Scientists in protective clothing work in a high-tech lab at a pharmaceutical factory in Singapore, whose coronavirus-hit economy has been shot in the arm by strong global demand for drugs.
The city-state is on course for the worst recession in its history this year, but factory activity has held up, in part thanks to countries rushing to stockpile drugs during the pandemic.
The country, barely half the size of Los Angeles, has become a hub for drug makers and is home to more than 50 factories, owned by big players such as Pfizer, Roche, GlaxoSmithKline and Takeda.
Singapore’s pharmaceutical sector “plays an important role in the global supply chain of the pharmaceutical industry,” Rajiv Biswas, chief economist for the Asia-Pacific region at consultancy IHS Markit, told AFP.
And in 2020, “governments and private sector companies have built up critical drug stocks due to severe supply chain disruptions in many countries during the pandemic,” he added.
The data highlights the benefits for the mall – biomedical manufacturing, which covers pharmaceuticals, rose sharply, with production increasing 90% year-on-year in September alone.
Exports also defied expectations of a collapse and posted growth most of the year, aided by drug shipments, although they fell in October and November.
While much attention has been focused on vaccine development, the high demand for drugs to treat diseases ranging from asthma to epilepsy has supported the continued good fortune of the city’s pharmaceutical giants, according to actors. industry and analysts.
It’s a much needed boost after Singapore’s economy contracted by more than 13% in the second quarter, when the country introduced severe viral brakes.
With borders largely closed, the key tourism sector has been hit particularly hard, with arrivals falling to just 13,400 in October, from 1.7 million in January.
However, Singapore’s outbreak has been relatively moderate, with the city-state recording around 58,000 cases and 29 deaths, while the economy started to recover in July-September with the easing of restrictions.
The city has long been a major exporter of electronics, from chips to computer hard drives, but has sought to diversify its manufacturing sector.
– Uneven recovery –
The biomedical industry – which also covers the manufacture of high-tech medical devices such as cardiac pacemakers – now employs more than 24,000 people and accounts for about 20% of the manufacturing sector, according to risk consulting firm Fitch Solutions.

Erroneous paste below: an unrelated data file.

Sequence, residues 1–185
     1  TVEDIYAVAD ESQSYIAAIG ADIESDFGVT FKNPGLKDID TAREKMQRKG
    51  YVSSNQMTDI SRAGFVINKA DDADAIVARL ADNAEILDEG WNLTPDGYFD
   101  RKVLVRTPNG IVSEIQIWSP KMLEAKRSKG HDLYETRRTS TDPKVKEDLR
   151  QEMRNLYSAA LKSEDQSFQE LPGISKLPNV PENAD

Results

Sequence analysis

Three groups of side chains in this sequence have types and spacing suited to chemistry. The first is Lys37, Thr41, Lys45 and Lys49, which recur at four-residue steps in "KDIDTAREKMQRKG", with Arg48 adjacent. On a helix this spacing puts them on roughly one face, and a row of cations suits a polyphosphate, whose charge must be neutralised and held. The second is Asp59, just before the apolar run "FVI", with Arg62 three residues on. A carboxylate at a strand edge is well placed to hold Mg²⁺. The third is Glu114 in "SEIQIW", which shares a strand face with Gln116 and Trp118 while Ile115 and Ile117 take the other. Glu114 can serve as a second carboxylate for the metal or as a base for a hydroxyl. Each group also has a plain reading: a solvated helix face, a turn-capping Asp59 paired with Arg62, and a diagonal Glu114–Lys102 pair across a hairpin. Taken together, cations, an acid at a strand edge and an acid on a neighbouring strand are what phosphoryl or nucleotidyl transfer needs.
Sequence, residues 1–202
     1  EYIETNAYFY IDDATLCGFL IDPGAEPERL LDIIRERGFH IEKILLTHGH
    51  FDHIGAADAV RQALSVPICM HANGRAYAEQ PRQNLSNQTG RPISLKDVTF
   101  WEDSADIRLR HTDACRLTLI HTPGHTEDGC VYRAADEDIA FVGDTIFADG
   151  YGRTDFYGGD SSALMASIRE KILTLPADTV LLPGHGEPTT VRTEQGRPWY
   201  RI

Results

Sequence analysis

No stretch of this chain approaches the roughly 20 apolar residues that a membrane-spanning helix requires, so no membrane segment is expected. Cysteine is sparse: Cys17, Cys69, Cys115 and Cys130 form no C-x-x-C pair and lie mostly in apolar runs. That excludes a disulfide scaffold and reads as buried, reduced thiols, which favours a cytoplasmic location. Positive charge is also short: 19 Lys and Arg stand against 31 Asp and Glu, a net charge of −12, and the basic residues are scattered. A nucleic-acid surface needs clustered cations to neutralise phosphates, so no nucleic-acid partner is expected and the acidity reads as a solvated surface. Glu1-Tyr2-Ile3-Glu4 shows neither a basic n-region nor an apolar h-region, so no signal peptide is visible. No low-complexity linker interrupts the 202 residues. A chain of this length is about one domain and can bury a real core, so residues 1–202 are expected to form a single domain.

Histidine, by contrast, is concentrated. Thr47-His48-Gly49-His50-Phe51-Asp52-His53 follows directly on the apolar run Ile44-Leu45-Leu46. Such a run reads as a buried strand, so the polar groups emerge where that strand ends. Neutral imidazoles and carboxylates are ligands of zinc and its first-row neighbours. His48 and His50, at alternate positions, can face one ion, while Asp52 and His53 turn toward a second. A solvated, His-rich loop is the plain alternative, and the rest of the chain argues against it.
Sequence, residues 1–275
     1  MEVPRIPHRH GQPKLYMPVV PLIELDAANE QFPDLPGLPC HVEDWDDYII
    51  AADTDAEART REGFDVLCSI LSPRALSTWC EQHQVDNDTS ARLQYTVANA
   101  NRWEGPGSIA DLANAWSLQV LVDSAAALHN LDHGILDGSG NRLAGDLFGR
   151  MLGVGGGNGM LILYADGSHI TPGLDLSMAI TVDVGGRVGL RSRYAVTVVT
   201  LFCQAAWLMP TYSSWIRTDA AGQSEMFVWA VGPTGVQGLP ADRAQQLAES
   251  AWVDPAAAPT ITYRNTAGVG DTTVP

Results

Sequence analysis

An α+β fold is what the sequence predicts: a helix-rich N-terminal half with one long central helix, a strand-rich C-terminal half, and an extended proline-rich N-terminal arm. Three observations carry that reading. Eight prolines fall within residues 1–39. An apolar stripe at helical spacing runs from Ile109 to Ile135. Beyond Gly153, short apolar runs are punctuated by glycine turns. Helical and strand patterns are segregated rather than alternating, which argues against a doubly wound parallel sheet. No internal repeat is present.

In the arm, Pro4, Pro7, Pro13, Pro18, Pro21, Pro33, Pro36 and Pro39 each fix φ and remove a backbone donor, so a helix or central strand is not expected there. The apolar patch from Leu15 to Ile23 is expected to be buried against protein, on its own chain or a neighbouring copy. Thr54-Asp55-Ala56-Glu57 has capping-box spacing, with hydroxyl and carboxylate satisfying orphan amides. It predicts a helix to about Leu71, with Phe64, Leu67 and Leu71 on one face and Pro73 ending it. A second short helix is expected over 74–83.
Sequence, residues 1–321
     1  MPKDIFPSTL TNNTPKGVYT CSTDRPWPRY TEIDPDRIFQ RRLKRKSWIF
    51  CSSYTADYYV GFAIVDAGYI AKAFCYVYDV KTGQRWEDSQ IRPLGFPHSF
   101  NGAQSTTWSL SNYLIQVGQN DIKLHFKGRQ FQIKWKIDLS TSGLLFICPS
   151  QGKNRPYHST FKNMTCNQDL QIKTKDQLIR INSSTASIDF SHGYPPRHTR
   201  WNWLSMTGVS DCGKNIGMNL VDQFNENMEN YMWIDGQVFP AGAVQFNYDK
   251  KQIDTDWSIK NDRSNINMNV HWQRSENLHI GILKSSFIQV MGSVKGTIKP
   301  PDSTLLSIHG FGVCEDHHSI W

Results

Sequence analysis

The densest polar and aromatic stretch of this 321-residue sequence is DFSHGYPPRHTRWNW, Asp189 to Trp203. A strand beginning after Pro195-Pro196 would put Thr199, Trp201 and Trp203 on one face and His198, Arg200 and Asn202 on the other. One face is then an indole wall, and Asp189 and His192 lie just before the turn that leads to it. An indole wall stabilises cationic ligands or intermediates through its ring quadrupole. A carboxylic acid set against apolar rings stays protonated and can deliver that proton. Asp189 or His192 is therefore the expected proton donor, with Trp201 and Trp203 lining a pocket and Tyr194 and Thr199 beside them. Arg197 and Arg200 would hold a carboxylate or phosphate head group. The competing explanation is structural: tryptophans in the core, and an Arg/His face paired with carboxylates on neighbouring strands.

Singapore, with a population of 5.7 million, is one of the few countries that exports more pharmaceuticals than it imports – in 2019 it shipped pharmaceuticals worth $ 8 , US $ 1 billion while importing US $ 3.1 billion, according to Fitch.
The authorities have encouraged cutting-edge research to grow the economy, pledging to invest nearly US $ 20 billion in research and innovation over the next five years.
Amid a network of stainless steel pipes and storage tanks, the Takeda facility cultivates hamster ovary cells to make ingredients for drugs to treat hemophilia, a rare disease that affects the ability of blood to clot.
The final product is transported by air to Switzerland, Vienna or California where it is mixed with other ingredients and put in bottles, before being sent to Belgium to be packaged and then shipped worldwide.
“Overall, the pharmaceutical industry in Singapore has not been affected by the pandemic,” George Lam, who heads the company’s manufacturing site in Singapore, told AFP during a visit.
“Because we are not affected, we continue to manufacture, we continue to export our drugs to global markets… A number of pharmaceutical companies in Singapore manufacture drugs that save lives. ”
The company’s operations in Singapore have not gone smoothly. Some of its workers found themselves stranded in neighboring Malaysia when the borders were closed, although the site managed to continue to operate.
The health of Singapore’s pharmaceutical sector is a rare bright spot for the city’s economy, as well as for global commerce.
The value of world trade is expected to fall by as much as 9% a year in 2020, according to United Nations forecasts, and leaders in the export-dependent city-state remain worried about the outlook.
“We expect the recovery next year to be gradual and uneven due to recurring waves of infection in other countries and uncertainties associated with the pace of vaccine production, distribution and immunization.” said Minister of Commerce Chan Chun Sing.
“We will not be going back to the pre-Covid world. ”
© 2020 AFP